Note: This post is about the men of F3 Columbia, Lexington, and Lake Murray who have answered the call to serve men in their community. When I say “I” or “we”, I’m talking about these guys. If you take one thing away from this post, I hope you will find it in your heart to look for some small way to reach out to another man in need in your community. You probably have no idea how much impact you can make in his life by simply showing up.
“The last time I was in prison, I was in cell block F3. This F3 is much better.”
– F3 Mission pax named Truth, recovering from a recent gunshot near the groin he received after a misunderstanding during a financial transaction (his words)
My head hung low as I left Trinity Episcopal Cathedral’s annual business meeting in January.
I had recently been asked to run for an open seat on our church’s vestry, and I was excited about the opportunity to get involved and serve. However, as the ballots were counted by Rev. Tim Jones (F3 Dean Wormer), it was announced that I, who was sure I’d win, would not be joining the vestry.
As my M and I walked to our car with my little monsters, she could tell I was disappointed and told me, “Don’t worry, you’ll find some other way to get involved and make an impact.” The woman, ten years younger than me (hence the name Robber), is at least ten years wiser. It was as if her words were meant to both challenge and dare me at the same time.
I took the bait.
A week later, that “other way” hit me, on a flight to Seattle: Bring F3 to an organization that helps men get back on their feet.
I had been inspired my by man Jonathan Vipperman (F3 Mission) and the work that he’s done in Haiti. On a trip to the island with Trinity members including a contingent of F3 Cola pax (Wormer, Adrian, and Apple) a couple years ago, I saw the benefits of working with established, credible organizations, rather than trying to reinvent the wheel and all the associated infrastructure.
There was one very visible presence in Columbia that had been helping men get their lives back on track for years, and after a call to Haywood from the F3 Foundation, and advice from Slaughter in F3 Metro, I decided that we needed to bring F3 to the Oliver Gospel Mission.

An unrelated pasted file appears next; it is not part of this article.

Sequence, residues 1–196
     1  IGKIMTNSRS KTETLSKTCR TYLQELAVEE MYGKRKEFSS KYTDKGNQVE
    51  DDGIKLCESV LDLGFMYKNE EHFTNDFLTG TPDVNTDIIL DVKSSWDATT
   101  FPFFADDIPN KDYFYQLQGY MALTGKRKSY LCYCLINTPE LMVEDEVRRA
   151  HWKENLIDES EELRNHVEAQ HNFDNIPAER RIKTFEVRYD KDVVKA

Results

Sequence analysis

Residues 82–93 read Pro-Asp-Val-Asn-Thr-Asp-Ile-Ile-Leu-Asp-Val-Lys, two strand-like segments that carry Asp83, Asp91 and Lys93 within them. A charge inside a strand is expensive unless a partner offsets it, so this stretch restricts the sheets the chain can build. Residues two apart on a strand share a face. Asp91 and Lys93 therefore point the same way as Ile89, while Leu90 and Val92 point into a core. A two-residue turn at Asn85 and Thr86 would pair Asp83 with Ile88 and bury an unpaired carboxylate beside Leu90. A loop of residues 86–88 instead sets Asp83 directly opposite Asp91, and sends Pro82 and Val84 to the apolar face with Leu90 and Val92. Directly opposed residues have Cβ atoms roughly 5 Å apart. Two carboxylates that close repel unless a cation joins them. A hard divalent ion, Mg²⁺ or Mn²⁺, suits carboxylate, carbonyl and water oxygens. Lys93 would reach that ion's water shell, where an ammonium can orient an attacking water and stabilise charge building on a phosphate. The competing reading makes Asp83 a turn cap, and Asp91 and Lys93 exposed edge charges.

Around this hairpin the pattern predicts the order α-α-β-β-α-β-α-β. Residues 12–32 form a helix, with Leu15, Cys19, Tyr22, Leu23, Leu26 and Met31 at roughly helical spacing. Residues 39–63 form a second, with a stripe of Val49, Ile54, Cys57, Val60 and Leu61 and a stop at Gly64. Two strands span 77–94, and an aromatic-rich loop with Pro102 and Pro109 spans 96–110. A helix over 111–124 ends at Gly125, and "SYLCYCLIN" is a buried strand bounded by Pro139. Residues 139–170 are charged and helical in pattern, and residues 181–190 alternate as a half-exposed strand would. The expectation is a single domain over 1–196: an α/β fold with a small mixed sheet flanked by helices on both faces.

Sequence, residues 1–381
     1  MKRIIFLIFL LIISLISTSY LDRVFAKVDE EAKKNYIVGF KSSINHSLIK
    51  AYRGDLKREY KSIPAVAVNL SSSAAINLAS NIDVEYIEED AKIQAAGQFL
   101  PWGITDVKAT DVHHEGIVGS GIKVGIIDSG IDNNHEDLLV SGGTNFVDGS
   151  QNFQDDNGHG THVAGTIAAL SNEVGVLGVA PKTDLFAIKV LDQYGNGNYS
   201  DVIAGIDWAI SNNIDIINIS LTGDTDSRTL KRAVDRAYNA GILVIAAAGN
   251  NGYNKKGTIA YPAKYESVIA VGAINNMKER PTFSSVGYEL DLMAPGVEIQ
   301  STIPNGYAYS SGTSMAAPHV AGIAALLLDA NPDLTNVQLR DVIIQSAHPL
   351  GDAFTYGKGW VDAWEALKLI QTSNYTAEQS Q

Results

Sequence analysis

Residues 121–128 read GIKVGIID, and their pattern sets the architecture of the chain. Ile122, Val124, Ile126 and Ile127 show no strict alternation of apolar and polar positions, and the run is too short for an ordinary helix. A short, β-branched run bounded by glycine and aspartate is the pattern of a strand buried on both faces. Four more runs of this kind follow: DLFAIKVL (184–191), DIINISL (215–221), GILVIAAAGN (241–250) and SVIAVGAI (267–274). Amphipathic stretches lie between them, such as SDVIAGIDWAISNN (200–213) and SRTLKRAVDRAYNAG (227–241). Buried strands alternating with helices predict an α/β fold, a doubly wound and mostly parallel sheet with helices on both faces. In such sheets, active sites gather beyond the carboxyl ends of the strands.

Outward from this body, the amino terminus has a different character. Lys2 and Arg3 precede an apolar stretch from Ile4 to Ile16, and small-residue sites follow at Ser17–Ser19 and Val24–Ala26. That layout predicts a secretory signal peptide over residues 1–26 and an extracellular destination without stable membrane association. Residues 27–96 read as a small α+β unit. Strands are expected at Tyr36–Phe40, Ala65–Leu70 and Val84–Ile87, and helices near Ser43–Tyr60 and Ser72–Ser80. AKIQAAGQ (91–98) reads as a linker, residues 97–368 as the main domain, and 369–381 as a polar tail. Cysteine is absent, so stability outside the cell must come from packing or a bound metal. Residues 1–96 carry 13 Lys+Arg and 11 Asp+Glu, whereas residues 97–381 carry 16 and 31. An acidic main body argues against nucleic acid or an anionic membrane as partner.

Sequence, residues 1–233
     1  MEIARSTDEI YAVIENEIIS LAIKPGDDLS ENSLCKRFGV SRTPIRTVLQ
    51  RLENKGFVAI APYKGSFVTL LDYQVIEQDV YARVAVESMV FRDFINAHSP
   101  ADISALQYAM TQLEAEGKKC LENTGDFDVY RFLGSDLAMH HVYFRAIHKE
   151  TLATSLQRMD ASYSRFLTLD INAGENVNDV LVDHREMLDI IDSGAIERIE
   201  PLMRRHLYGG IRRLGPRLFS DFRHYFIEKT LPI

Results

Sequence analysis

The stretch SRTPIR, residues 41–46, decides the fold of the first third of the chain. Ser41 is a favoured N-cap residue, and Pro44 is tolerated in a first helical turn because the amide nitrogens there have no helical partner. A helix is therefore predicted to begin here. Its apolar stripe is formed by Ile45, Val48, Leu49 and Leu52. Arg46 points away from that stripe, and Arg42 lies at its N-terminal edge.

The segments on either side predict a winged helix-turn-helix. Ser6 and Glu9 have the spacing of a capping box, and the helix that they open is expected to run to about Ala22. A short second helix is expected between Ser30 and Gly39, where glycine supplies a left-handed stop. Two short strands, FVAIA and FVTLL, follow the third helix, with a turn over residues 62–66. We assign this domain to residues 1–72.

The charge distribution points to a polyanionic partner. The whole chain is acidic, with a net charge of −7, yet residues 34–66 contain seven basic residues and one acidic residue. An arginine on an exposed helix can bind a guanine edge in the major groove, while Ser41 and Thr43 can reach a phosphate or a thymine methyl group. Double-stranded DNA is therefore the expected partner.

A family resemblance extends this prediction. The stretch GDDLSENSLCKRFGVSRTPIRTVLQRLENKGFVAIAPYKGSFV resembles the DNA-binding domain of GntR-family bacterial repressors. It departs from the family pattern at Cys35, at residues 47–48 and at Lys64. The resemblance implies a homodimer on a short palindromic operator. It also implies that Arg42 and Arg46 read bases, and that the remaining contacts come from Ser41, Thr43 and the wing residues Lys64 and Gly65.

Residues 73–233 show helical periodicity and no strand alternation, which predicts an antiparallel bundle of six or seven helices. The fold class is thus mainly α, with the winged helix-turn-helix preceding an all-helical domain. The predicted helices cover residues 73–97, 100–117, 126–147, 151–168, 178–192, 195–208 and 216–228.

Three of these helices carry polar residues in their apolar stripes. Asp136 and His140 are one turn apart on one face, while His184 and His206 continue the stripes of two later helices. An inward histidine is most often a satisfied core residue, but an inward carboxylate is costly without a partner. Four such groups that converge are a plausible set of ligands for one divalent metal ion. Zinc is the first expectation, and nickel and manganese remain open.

The Oliver Gospel Mission is a 125 year-old organization that offers social services to men that are homeless and operate a one-year residential, Christ-focused rehab program. You could say that the OGM is a no-nonsense, “teach a man to fish” kind of organization.
I reached out to the CEO of the OGM, Wayne Fields, and asked for a meeting to discuss the possibility of starting an F3 AO to support the men enrolled in their recovery program. Fortunately for me, Mr. Fields knew a few of our pax through a leadership and mentoring program, which served as a warm opening for our discussion.
After a few meetings, and within a month, we were clear for a March launch. Armed with the advice from Slaughter to show up with “hat in hand” we wanted to keep things simple. We decided to start with a single Saturday workout at 8:30am. This would give men from the super region (Cola, Lake Murray, Lexington) time to make their home AO, and then post to The Mission for a double-down.
We were on our way.
“Because of where we are in life, most people don’t trust us because of the decisions we’ve made. Thanks for giving us a chance to be leaders.”
~ F3 Papa Smurf, who was last seen modeling the latest in protective dreadlock gear on the Leatherneck
It didn’t take long to know that things would be different at Mission.
If there was any skepticism why we were there, it quickly vanished as we showed up in the rain for the first 4 weeks. Once they figured out that we weren’t there to sell them something, convert them, or “fix” them, they realized that we were for real.
Over the next few months, we introduced F3 to these men like we plant, grow and serve any new community of men. The same way we’ve done it so many times before. We just followed the same playbook, and things took off at the Mission.